What do eggs, online deliveries, lipstick, and medicine all have in common? They are all kept safe by packaging! Packaging is found absolutely everywhere, and though it is important, not all of its effects are positive. It’s time to untape the box, pull back the layers of tissue paper, take out the packing peanuts, and dive into the world of packaging.
The Environmental Protection Agency (EPA) reports that in 2018, packaging and containers made up 28.1% of all municipal solid waste (MSW). MSW is everything that we get rid of, including both garbage and recycling. Once packaging material is disposed of, it travels one of four paths: it can go to the landfill, be recycled, be combusted for energy, or escapes the waste management system and gets into the environment. Combusting materials for energy creates electricity but also generates ash, which is taken to landfills.
According to the EPA, in 2018, 9.8 million tons of glass were generated specifically for packaging. To put that into context, that is the equivalent weight of 65,334 blue whales. Of that glass, 31.3% was recycled, 13.4% was combusted for energy, and 55.4% went to landfills. Though glass can be endlessly recycled, recycling rates in the U.S. are low, as glass is often contaminated by food waste and other non-recyclable items. Additionally, glass needs to be sorted by color (due to variations in melting points) to be recycled. Any glass that breaks and can no longer be sorted or ends up at a recycling facility that does not recycle glass goes straight to the landfill.
Steel and aluminum are also common packaging materials. Most steel packaging comes from canned foods, and aluminum is in everything from the pull-tab seal on a bottle of ketchup to the silver foil covering chocolate. According to the EPA, paper and paperboard are also heavy hitters in the world of packaging and containers, making up 14.3% of all MSW in the U.S. in 2018. The EPA notes that corrugated boxes specifically were “the largest single product category of MSW in 2018” and were responsible for 11.4% of MSW.
Wood is another common packaging material primarily found in pallets and crates and used in international trade. Though wood packaging can be converted into wood chips or mulch, the bulk still ends up in landfills.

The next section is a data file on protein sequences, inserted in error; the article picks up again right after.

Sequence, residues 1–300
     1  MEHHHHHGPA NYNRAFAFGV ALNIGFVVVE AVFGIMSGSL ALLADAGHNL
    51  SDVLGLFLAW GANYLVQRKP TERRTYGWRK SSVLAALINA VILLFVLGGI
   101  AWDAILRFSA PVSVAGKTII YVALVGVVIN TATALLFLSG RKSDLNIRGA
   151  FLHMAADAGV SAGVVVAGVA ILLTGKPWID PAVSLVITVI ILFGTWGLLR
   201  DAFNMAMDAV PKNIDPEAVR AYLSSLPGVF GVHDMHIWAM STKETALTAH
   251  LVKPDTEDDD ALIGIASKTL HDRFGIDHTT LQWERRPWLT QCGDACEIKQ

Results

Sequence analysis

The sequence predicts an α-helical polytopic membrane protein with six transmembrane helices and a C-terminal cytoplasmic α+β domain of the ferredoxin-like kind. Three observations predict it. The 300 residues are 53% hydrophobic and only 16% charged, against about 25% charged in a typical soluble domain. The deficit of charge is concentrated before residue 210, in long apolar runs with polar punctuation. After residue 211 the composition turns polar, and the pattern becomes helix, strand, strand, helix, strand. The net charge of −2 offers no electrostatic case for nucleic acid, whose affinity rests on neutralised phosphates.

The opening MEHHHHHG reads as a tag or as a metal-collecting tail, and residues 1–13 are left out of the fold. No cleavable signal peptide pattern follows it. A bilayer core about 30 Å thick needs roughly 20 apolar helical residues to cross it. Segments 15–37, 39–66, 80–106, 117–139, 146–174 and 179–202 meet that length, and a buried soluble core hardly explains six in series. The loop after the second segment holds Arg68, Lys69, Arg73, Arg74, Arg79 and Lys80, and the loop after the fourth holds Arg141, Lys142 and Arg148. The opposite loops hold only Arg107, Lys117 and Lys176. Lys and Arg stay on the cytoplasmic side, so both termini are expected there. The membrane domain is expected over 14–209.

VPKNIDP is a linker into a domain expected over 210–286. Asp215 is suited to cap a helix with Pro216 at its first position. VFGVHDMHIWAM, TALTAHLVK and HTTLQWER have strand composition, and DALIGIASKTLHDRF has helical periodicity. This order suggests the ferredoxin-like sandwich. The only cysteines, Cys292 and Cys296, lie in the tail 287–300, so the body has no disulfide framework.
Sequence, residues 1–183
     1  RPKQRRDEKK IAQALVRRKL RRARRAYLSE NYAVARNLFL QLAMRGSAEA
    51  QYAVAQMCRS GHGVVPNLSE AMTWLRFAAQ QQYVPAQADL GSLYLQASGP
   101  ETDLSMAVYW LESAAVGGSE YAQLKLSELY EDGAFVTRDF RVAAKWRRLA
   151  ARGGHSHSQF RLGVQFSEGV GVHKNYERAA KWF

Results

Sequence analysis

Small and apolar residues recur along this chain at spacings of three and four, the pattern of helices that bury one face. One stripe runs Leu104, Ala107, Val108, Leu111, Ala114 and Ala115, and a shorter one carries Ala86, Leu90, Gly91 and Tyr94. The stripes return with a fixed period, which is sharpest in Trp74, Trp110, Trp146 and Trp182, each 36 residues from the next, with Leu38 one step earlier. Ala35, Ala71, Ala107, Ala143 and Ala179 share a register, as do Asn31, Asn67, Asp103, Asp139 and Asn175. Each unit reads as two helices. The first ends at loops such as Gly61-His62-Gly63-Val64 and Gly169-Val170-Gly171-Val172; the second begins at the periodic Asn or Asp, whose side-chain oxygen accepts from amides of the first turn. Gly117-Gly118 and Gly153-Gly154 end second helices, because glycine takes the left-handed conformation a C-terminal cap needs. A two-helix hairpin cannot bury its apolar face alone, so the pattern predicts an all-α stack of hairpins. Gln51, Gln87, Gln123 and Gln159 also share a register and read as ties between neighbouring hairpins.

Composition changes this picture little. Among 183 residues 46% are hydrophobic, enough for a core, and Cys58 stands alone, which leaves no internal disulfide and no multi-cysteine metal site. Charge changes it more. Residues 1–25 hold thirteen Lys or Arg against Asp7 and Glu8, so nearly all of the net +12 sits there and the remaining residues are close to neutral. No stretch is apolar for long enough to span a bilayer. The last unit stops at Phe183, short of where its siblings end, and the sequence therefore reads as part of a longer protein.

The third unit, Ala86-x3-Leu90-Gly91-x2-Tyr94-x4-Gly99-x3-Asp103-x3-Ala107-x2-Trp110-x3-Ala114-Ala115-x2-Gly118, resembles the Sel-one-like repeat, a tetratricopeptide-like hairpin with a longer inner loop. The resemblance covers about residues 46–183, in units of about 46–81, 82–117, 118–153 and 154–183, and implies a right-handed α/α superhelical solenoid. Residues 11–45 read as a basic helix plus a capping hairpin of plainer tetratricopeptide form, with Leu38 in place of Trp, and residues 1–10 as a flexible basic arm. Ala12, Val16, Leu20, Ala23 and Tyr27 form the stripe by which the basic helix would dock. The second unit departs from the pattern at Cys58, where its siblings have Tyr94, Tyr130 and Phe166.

Plastic is also a popular packaging material. Despite its bad reputation, plastic does have a few environmental benefits. Because of its light weight, transporting plastic requires less fuel than transporting other heavier packaging materials. Plastic also helps keep food fresh, reducing food waste. Still, there are significant drawbacks. A 2016 World Economic Forum report found that though 14% of plastic packaging is recycled, only 5% makes it through sorting and reprocessing. Of the plastic recycled, most is converted into low-value materials that cannot be recycled again.
The World Economic Forum report also noted that each year, 32% of plastic packaging ends up outside the waste management system. According to the report, each year at least eight million tons of plastic are leaked into the ocean, and the majority of that is packaging. The report explains that this is “equivalent to dumping the contents of one garbage truck into the ocean per minute” and is expected to increase “to two [trucks] per minute by 2030 and four per minute by 2050.” The report notes that the plastic isn’t just floating in the ocean, harming wildlife, tourism, and fishing and shipping industries: it is also leaching 225,000 tons of additives each year. As water filters through the gills of fish, these leached chemicals enter their bodies and are later absorbed by animals up the food chain who eat them, which includes humans.
The world of packaging can seem bleak, with the landfill being the final resting place of most materials, but that is changing both on large and small scales. Amazon has set up a “Frustration-Free Packaging Program” that encourages vendors to use minimal packaging, and small businesses are making similar changes. Last month, I was thrilled to see the prints I ordered from an independent artist were packaged in compostable mailers, as were the seeds I bought from a small garden business.
Most of the advances in packaging are not technology-based but rather changes in how companies have addressed their packaging. For example, Dove now makes all of its plastic bottles in North America and Europe from recycled material. Though recycled plastic is not new, it is innovative to use it exclusively. Another example is the brand Häagen-Dazs® providing ice cream in steel containers that can be returned and refilled, reducing the use of single-use ice cream packaging. Steel containers are nothing new, but using them for ice cream is.
Etsy, a platform that hosts the shops of independent creators, has also included packaging improvements in its sustainability efforts. Through Etsy’s “Planet-Friendly Packaging” program, packaging made from recycled materials is available for sellers to purchase. Allbirds is another company working to make its packaging greener. It focuses on using recycled cardboard certified by the Forest Stewardship Council (FSC®) for its packaging. Most recycled cardboard comes with no way to verify if it is genuinely recycled. The FSC certification helps Allbirds ensure the material it uses is 100% recycled material.